NIKKOR 105mm F2.5

SPECS

Year: 1973
Focal Length: 105mm
Maximum Aperture: 2.5
Minimum Aperture: 32
Aperture Blades: 7
Weight: 435 grams
Filter Size: 52mm
Angle of View: 23 degrees
Minimum Focusing Distance: 1 meter
Lens Hood: HS-4

(specs courtesy of Richard de Stoutz)

I bought into the online hype in regards to this popular vintage Nikon portrait lens.  Its popularity comes from the photographer Steve McCurry and his famous National Geographic cover of the young Afghan girl.  The lens used by the photographer to capture that iconic image was the Nikkor 105mm f2.5 portrait lens.  This notable image resulted in an almost cult status for this particular lens.  It’s known to be very well built, a comfortable size and very sharp. There are a fair number of YouTube vid’s on this lens.  So I eventually bit-the-bullet and purchased it.

This purchase was a bit of a win for me.  It was an ebay purchase from a seller that had many odd items listed due to an estate sale.  Because it was not tested the person selling the lens had to list it ‘for parts or not working’.  I believe this scared many buyers off because of this classification plus it was priced at approx 50% the cost of other comparable listings (but were labelled as ‘tested and fully working’).  I contacted the buyer and asked what is wrong with the lens since it looked to be in excellent condition based on the posted photos.  The seller told me that it was from an estate sale and since they don’t know anything about camera gear they had to list it as ‘for parts or not working’.  So I took a gamble and purchased the lens.  It was a win for me.  The lens is cosmetically in great shape with a smooth focus ring and a nice responsive click to the aperture ring.  Looking inside the lens I cannot see any signs of dust or mold or oil on the aperture blade.  What a great find!  It didn’t come with a lens hood so I went back to ebay and found one well priced from a well established U.S. seller.  These lens hoods are quite prevalent, so it was just a matter of finding one in great shape for a reasonable price.  The lens hood was a separate purchase as well.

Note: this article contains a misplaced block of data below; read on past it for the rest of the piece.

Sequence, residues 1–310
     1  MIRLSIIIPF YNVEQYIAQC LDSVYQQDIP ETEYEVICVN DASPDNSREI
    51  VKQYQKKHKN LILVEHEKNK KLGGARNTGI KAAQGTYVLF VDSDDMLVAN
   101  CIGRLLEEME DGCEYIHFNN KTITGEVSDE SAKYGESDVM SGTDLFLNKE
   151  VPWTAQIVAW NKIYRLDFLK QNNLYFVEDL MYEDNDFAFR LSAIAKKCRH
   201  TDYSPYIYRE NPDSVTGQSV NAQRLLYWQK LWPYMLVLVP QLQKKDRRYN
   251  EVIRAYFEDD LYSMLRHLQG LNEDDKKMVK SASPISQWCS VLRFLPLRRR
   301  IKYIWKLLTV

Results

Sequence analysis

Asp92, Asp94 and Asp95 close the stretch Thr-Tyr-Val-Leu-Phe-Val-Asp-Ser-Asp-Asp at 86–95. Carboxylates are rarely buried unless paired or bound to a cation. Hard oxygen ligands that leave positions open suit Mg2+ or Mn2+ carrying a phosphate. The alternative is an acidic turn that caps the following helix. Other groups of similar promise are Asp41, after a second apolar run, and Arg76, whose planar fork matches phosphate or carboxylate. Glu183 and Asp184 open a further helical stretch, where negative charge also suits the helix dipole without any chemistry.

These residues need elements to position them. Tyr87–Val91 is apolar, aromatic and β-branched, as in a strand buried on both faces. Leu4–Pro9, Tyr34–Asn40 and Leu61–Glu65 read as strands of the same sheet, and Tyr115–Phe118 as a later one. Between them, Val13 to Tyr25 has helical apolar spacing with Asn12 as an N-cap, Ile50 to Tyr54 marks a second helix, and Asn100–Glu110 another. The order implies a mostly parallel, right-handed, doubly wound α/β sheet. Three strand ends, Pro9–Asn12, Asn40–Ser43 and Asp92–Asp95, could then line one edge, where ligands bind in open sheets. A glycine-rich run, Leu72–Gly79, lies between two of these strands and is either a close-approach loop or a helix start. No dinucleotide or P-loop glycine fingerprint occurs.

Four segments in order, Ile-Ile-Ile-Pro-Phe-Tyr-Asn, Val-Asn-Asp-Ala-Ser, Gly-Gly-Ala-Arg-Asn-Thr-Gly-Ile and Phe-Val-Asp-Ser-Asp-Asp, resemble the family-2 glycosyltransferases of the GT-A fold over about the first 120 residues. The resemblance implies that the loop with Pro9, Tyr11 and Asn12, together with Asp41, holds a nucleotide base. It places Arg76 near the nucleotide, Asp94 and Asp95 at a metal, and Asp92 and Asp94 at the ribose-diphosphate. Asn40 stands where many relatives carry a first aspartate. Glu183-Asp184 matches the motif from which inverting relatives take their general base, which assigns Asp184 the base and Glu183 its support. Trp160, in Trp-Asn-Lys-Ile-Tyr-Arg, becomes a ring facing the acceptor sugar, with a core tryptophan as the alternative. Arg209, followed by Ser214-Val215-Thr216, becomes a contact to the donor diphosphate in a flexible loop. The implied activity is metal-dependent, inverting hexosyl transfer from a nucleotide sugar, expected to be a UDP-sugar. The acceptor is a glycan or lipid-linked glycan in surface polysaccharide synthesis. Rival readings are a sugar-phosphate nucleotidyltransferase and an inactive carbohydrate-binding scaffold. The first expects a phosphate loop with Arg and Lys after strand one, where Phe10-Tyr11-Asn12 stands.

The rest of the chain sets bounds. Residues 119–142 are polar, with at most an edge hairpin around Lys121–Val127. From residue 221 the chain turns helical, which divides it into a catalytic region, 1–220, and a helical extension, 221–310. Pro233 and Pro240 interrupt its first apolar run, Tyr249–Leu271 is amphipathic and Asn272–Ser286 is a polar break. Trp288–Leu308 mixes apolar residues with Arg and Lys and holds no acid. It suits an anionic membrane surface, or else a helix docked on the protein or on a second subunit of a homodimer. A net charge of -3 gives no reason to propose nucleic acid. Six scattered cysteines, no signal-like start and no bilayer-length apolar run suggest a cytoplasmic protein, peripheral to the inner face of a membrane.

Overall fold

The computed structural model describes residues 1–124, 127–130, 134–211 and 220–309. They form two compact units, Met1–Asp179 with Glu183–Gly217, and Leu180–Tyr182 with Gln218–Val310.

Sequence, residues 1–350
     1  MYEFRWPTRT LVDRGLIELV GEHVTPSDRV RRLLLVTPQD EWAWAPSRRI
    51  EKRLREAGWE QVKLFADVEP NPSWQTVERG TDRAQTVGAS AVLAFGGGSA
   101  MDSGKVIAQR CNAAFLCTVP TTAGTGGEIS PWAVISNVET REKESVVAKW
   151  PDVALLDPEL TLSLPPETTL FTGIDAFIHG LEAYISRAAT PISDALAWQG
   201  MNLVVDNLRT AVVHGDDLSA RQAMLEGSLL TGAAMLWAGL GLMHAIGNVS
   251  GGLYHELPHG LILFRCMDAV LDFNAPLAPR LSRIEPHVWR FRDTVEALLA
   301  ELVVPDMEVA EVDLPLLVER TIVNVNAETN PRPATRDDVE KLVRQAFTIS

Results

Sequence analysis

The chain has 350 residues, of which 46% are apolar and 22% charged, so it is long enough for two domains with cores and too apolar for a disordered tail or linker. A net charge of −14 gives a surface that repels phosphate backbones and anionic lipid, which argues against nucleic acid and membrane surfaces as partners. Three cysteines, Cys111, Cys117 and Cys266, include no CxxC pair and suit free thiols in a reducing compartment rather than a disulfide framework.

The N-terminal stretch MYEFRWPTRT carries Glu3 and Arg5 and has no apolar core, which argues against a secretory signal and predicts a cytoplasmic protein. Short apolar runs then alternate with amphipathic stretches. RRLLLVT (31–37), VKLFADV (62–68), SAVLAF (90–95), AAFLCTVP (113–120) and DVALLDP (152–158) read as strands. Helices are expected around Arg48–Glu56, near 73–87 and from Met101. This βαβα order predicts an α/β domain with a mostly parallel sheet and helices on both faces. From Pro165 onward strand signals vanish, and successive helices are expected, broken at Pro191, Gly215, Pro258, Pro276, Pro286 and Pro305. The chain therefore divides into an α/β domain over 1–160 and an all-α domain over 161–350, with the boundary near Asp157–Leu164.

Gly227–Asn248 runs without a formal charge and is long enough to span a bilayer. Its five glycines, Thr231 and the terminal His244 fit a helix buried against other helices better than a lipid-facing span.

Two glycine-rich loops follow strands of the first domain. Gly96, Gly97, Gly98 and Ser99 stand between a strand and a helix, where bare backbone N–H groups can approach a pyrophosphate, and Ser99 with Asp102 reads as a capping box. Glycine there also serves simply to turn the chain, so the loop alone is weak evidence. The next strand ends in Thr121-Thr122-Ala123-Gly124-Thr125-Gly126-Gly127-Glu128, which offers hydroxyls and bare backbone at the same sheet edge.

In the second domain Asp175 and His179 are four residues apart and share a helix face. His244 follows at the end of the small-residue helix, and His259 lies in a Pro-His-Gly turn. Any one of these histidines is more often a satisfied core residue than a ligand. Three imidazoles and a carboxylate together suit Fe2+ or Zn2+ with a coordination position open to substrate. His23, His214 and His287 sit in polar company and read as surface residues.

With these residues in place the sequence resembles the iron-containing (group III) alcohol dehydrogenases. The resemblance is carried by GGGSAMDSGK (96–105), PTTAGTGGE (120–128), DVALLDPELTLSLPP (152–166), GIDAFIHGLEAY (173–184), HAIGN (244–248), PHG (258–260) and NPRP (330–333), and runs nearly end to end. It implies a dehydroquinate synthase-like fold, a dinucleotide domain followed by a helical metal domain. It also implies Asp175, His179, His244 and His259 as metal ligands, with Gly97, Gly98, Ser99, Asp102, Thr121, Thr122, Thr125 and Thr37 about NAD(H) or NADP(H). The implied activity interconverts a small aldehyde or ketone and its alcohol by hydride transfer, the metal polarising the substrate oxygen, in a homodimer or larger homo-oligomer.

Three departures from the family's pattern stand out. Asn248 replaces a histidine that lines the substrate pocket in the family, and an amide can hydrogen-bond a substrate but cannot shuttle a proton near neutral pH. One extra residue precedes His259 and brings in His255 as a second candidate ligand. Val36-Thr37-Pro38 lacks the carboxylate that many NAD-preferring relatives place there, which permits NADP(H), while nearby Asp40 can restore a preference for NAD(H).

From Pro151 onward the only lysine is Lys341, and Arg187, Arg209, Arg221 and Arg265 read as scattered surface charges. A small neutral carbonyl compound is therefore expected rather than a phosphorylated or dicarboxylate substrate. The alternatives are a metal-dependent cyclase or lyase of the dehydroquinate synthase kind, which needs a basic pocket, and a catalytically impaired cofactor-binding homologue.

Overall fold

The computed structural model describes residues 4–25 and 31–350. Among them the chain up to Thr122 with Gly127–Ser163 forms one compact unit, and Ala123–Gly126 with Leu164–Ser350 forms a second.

One characteristic of manual focus lenses is they get harder to precisely focus as the focal length increases.  As the focal length increased, the depth of field decreases even when shooting at the same aperture (f-stop) of wider lenses.  I have and used manual focus 24mm, 35mm, 50mm and 56mm adapted lenses on my Fujifilm bodies without much trouble in focusing.  But this lens with its ~158mm focal length is a different story.  Right away I found it harder to nail focus.  The slightest movement of the focus ring or camera movement (in me simply moving ever-so slightly) results in the focus peek markers in the EVF moving off the subject.  But like all things, it just takes practice.   I’m noticing more keepers as I use the lens more.   Also, camera shake becomes more of an issue with the longer focal length.  When using my Canon FD 24mm I can confidently hand hold the camera at approx 1/30 of second (as it has an effective focal length of 35mm).  But with this ~160mm telephoto prime … I find I need to be closer to 1/250.  It’s simply my shooting technique.  I don’t have very steady hands and when I get into telephoto lenses that don’t have image stabilization, I notice it.  But in fair lighting, shooting at f4 and 1/250 (while keeping a lower ISO) isn’t a problem.  I commonly use f4 because of the slight increase in depth of field and a noticeably sharper image.  But in the right conditions and a successful focus … wide open @ f2.5 looks really good.

With this classic portrait lens mounted on my Fujifilm XT2 via a K&F Concept adapter, I’m ready to capture some fun images.  Here is a collection of my first several weeks with the lens.

 

Copyright © Adam Woodhouse 2017